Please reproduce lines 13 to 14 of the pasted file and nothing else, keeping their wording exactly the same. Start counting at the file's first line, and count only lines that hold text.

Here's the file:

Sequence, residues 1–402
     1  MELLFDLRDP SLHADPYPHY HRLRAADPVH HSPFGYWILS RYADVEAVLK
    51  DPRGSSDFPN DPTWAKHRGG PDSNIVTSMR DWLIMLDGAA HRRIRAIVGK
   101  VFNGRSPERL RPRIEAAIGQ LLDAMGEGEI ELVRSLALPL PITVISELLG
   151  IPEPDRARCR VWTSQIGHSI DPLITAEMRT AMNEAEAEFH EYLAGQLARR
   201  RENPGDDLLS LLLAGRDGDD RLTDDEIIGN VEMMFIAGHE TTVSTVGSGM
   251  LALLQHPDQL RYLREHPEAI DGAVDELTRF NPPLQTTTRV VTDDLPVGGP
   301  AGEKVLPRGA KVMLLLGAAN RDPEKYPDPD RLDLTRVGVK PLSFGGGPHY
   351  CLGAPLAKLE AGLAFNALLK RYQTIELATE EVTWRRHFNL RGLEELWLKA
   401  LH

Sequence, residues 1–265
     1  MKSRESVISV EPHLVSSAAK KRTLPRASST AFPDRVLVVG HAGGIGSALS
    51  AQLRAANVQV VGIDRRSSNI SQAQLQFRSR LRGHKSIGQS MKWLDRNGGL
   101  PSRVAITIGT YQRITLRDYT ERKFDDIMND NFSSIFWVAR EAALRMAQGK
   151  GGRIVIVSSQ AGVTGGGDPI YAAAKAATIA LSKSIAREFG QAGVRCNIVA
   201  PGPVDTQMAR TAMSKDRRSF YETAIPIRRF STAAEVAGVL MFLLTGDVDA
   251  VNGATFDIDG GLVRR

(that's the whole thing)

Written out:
    51  AQLRAANVQV VGIDRRSSNI SQAQLQFRSR LRGHKSIGQS MKWLDRNGGL
   101  PSRVAITIGT YQRITLRDYT ERKFDDIMND NFSSIFWVAR EAALRMAQGK